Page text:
Two main areas that these tests violate are invasion of privacy and disparate impact on protected classes of applicants. For example, a California employer recently paid $2,000,000 in a settlement to job applicants who had to answer questions about their sexual and religious practices when applying for a job with the company.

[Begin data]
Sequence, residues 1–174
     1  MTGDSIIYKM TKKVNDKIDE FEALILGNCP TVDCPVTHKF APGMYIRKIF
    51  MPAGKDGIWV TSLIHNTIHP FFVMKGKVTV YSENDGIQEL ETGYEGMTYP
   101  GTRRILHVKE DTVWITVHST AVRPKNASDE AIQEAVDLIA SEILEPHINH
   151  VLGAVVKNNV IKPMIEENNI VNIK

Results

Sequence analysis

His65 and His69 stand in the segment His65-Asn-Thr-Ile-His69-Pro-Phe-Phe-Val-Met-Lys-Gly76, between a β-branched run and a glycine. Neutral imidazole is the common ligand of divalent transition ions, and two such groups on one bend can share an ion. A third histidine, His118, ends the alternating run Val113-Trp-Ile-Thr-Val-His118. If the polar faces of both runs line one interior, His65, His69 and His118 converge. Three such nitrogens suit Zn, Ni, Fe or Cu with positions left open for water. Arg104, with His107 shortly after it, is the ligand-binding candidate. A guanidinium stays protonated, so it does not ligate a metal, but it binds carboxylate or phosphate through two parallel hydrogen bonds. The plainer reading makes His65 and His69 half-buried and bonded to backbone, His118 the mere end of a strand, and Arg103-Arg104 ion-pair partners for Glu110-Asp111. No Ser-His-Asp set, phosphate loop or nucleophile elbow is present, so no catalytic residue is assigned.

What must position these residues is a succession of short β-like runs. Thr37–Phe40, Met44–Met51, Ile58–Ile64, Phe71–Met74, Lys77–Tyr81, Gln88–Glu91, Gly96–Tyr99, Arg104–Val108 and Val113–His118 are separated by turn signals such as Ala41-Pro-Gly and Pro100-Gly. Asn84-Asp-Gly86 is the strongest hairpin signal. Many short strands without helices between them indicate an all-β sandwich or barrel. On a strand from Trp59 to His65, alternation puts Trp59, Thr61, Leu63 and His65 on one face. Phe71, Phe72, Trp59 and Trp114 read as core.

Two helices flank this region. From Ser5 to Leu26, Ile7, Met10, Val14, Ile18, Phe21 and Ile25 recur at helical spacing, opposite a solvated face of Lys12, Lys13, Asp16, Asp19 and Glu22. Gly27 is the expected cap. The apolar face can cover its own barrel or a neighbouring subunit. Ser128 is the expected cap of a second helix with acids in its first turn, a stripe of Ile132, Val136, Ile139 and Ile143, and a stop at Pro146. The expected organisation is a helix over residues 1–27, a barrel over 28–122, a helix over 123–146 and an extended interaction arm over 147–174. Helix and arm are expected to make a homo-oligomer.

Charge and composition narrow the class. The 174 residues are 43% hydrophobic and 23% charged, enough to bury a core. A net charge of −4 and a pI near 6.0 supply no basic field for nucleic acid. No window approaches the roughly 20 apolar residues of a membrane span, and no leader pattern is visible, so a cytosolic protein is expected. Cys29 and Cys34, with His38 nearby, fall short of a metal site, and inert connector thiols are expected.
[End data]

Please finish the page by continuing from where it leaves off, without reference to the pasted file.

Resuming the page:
While the debate is still on concerning the validity of personality tests in predicting performance of an employee, employers are quickly learning about their risk exposure when there are improper questions being asked of applicants who decide to sue. Even though employers may be using official forms provided by companies who regularly prepare these tests, employers should nevertheless have their counsel review the forms to see if they comply with Indiana law or the law of any other state where the employer is using the forms. In other words, what may be lawful in California may be unlawful in Indiana.